One of the things I like best about normative signs is the variety of ways of saying the same thing. Look at this trio of signs, for example, posted at a hospital parking lot in Toronto:
3_waysAll three of them embody the same message, the same request: “Slow Down.” But none of them actually says that.

The first is a pictogram, depicting speed bumps, effectively warning you that failure to slow down will do damage to your car. Buyer beware.

The second merely (?) describes the present neighbourhood as being of a certain kind. This is a “traffic calmed” (not “calmed traffic”?) neighbourhood. In other words, this is the sort of neighbourhood where a certain kind of behaviour — namely, driving calmly or slowly — is obviously appropriate.

And the third sign indicates that the speed limit (not legally binding, I think, because it’s private property and the sign is in yellow) is just 20 kilometres per hour.

So: three signs, three ‘languages,’ one message!

“Posted” (duh!)

Here’s another one I find odd. It’s posted — and it tells you it is posted — on the lawn of a private residence in South Carolina.
posted_4 It’s not immediately obvious what the word “Posted” means, here, or what it adds. Sure, it’s true that this sign was posted, but isn’t that obvious? (What’s the alternative? That the sign popped randomly into existence?) What else does that word add? Is it for emphasis? Or is it merely an introduction of sorts, like the word “NOTICE” at the top of a bulletin?

I looked around online for an answer, but found nothing authoritative. Some people suggest that “Posted” is a legal formality, or even a requirement. If (e.g.,) a charge of trespassing requires that a No Trespassing sign be posted, then the word “Posted” on the sign, I suppose, makes it abundantly clear that suitable notice has been given.

I’ve seen several signs like this around South Carolina, and also in Florida. Never in Canada.
posted2Odd also that on such signs the word NOTICE is typically in a larger font than the rest of the words. The net effect is actually that all you can see, from a distance, is that something (some injunction, presumably) has been posted. In the example just below, you actually have to get close enough to the sign that you are in violation of the sign’s injunction in order to read what the injunction is.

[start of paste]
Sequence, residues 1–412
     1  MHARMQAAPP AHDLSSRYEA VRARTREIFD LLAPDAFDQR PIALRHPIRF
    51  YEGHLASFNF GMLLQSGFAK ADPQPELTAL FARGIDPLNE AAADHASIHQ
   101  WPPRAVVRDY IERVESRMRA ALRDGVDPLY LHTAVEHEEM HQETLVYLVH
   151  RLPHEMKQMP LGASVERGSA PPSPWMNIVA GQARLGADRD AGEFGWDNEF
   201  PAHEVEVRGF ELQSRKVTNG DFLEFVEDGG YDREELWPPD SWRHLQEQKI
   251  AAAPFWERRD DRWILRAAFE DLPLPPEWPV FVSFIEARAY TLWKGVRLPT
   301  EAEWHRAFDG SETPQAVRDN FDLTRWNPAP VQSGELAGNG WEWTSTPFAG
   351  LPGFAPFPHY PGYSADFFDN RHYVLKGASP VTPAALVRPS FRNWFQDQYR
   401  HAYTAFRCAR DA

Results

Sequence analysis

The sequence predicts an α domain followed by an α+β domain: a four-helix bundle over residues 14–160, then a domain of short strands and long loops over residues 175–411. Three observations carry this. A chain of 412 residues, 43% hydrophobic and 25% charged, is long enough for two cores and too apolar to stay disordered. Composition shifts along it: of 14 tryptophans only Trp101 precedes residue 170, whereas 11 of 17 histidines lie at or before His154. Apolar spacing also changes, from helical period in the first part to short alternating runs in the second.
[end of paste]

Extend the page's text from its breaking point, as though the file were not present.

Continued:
Unguarded Beach (or not)

Here’s one I simply do not understand:
It is posted at an public access point at a beach in Surfside Beach, SC.

Isn’t the sign straightforwardly self-contradictory? Doesn’t “unguarded” imply the absence of a lifeguard? And if there’s no life guard, how can you swim near him or her?

Perhaps (likely!) there’s something I’m missing. But if I’m missing it, I’m guessing I’m not the only one.

There are, in fact, lifeguards along this beach, by the way. So “unguarded” likely doesn’t actually mean “without lifeguards.” So what on earth does it mean?


No Feeding the Fish

One of the main points of this blog (if it has a point, which it doesn’t) is that there are many, many ways for people to use signs to tell each other what to do. Whatever it is that you want someone to do, there are a plethora of ways of saying it — differences in wording, phrasing, tone, punctuation, and so on.

But seldom do you get different methods demonstrated in a single location.

Here’s a fun example from a beach community in South Carolina. The first sign pictured says, hey, this is private property, buddy. No feeding the fish. Simple.


About 30 feet to the right, however, is another, more official sign that seems aimed at the same objective, but does a much better way of telling you why it is important not to feed the fish.

And then, not shockingly, 30 feet further to the right…yes, the woman in red shorts is feeding the fish.